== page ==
Declaration of independence

written by Anti-Racist Parent contributor Alissa McElreath, also published at the Family Education Network

When I teach the first semester of Freshman Composition, I usually assign a particular reading to my students–one dealing with the question of public space, what it is, how it can be altered, and who alters it. The revelation-turned-argument the author, an African-American writer, makes is that black males have the power–whether they want it or not–of altering public space wherever they go, regardless of who they really are and by virtue only of the color of their skin.

My students’ reactions to the author’s revelation are always divided into two categories:

1) the well…DUH! reaction

and the

2) WOW reaction

Most students fall into the second category–at first. Then as we discuss public space they begin to remember moments when they too altered public space just because they are black; moments long forgotten, or brushed aside as inconsequential, swept under the rug, or ignored because they are always uncomfortable to confront. Because when you confront the unpleasant–the unpalatable–no matter which side you fall on, you confront an ugliness no one wants to see, or own.


I thought about public space quite a bit when we were walking around Colonial Williamsburg. You can’t help BUT think about it when you are surrounded by people dressed in period costumes, challenging you at every corner to set aside, for even a few moments, who you are and where you came from. I love being in an environment where you can suspend your disbelief, and your sense of what the world is supposed to look like; where people walk around dressed out of history books, and you walk around feeling as if you’d stepped into a play. But let’s face it, the history that makes up the colorful and fascinating tableau of Colonial Williamsburg can also mask a history of exclusion; it’s a history that very much belongs to white males, and a history built upon oppression and enslavement. It’s also difficult to walk through the site without being confronted by this fact–and this is a good thing, I think.

On Friday afternoon we sat with the kids in the area outside the old capitol building, surrounded by a crowd of visitors, young and old, and waiting for a re-enactment of the reading of the Declaration of Independence. Several “interpreters” (as the costumed re-enactors are called) dressed as working-class colonists milled around, discussing in loud voices to each other what independence meant.
There was much excitement in the air–it was hard to miss, even among those visitors who were more obviously rooted in the 21st century, like the man with the bluetooth device still hooked to his ear.

Before long a black man carrying a tool box and wearing the long pants and raggedy shirt of a slave joined the discussion, after first telling the onlookers loudly that his master had given him permission to listen to the reading.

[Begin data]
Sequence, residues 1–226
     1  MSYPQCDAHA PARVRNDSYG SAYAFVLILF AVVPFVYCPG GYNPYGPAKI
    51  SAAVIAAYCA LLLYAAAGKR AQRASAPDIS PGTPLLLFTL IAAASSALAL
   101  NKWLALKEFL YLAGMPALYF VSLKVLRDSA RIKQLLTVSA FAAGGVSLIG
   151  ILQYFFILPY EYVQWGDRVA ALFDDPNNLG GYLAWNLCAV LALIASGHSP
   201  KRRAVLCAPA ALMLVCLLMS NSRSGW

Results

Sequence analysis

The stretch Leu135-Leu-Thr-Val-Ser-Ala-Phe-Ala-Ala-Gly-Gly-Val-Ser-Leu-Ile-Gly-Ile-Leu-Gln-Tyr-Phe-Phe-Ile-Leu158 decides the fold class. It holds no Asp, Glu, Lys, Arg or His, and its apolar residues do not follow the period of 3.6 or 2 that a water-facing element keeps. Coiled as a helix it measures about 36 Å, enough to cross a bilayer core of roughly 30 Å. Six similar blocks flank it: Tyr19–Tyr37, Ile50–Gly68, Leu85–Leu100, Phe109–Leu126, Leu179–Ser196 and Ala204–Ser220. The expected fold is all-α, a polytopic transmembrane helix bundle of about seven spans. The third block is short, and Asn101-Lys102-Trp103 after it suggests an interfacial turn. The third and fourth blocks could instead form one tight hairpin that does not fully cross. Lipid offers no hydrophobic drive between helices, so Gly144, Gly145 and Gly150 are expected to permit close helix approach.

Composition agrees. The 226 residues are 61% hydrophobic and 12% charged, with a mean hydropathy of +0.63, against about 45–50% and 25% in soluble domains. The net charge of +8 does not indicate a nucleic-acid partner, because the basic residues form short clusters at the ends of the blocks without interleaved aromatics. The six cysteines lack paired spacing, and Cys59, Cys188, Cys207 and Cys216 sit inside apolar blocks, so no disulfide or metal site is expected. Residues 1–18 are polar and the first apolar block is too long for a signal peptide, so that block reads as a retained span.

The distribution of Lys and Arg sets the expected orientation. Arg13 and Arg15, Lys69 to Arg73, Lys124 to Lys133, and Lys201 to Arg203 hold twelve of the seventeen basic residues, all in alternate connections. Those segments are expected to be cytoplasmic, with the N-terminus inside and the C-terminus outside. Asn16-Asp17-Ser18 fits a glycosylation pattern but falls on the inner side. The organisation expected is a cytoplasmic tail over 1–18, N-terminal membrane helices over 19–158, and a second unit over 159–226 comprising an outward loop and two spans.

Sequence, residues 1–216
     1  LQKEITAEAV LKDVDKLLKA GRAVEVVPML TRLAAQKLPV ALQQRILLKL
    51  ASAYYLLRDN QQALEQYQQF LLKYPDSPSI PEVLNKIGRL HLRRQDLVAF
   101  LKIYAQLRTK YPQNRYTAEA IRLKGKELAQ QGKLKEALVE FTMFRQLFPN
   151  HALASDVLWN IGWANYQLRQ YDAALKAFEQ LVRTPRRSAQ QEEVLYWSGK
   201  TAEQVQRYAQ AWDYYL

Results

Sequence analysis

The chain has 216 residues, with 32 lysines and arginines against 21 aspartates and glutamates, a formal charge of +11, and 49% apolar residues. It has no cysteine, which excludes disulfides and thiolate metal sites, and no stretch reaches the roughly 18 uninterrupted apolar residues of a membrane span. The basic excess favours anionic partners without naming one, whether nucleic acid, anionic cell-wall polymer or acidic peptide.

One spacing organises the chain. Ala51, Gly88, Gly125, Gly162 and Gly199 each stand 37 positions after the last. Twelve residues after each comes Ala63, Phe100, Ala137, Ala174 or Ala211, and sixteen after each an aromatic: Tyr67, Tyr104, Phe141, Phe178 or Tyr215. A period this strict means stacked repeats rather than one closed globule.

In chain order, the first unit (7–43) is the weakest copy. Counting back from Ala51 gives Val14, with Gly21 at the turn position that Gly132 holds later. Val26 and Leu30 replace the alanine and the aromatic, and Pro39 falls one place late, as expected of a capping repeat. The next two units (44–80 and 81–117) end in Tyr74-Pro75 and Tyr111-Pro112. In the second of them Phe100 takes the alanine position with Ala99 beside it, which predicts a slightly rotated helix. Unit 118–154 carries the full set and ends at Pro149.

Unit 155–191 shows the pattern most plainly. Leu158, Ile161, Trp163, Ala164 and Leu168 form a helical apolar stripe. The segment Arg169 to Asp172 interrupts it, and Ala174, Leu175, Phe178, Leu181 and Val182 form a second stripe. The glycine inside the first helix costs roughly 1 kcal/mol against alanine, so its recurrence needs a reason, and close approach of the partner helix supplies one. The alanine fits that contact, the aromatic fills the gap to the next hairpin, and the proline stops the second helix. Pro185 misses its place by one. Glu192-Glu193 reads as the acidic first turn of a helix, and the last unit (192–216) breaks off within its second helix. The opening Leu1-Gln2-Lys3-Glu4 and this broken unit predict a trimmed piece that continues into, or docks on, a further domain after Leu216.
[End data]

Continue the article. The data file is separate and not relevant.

“What’s this independence people are talking about?” He asked of all of us visitors awaiting the big declaration.

“What’s it mean?”

He turned to different people, the question hanging in the air, unanswered.

“I like the sound of this independence,” he continued. Then he pumped his fist into the air, to encourage excitement. “I like this independence!”

A few visitors cheered with him, but there was an unmistakable sense of discomfort creeping into the air.

He turned to the few who had cheered. “Does this mean I’m free? Does this mean I get to leave and find my wife and boy?”


Some people looked away, their attention drawn to the soldiers on horseback who were approaching the capitol building gates. At that moment the Declaration of Independence was read, and all attention was focused on the front of the building. When it was over, the black man appeared again, shuffling into the crowd of visitors, his toolbox in one hand.

“Hey!” He shouted, at no one in particular. “They’re telling me this independence business doesn’t include me! Is this right?”

Then people turned away–not out of rudeness, but out of discomfort; they reacted the way we all tend to react when someone has challenged our sense of public space–what it is, and who we are when we are occupying it. I think our adult instincts are to turn away from what is most uncomfortable, what is unfair, what is unpleasant, and most people did.

“That’s not fair!” the interpreter continued. “That’s not fair!”

But what I did notice was that the children in the space around the black man did not turn away; instead, they stared at him, confused and questioning, looking for an explanation as to why this wasn’t fair. That was the teaching moment, I think; the moment parents needed to seize in order to teach their children not just about history, but about the right responses to it; that when our sense of the world is challenged in public space discomfort is okay and normal, but it’s what we do with it that counts. Do we sweep unpleasant facts under the rug? Do we teach them that it’s okay to walk away from racial injustice? Do we teach our kids to turn away from difference?

Or, do we kneel down in front of our kids, pull them close, and say to them, this is what independence should mean, this is what equality is, this is what we must always remember.

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About Tami

Tami Winfrey Harris writes about race, feminism, politics and pop culture at the blog What Tami Said. Her work has also appeared online at The Guardian’s Comment is Free, Ms. Magazine blog, Newsweek,, Huffington Post and Racialicious. She is a graduate of the Iowa State University Greenlee School of Journalism. She is mom to two awesome stepkids and spends her spare time researching her family history and cultivating a righteous 'fro.
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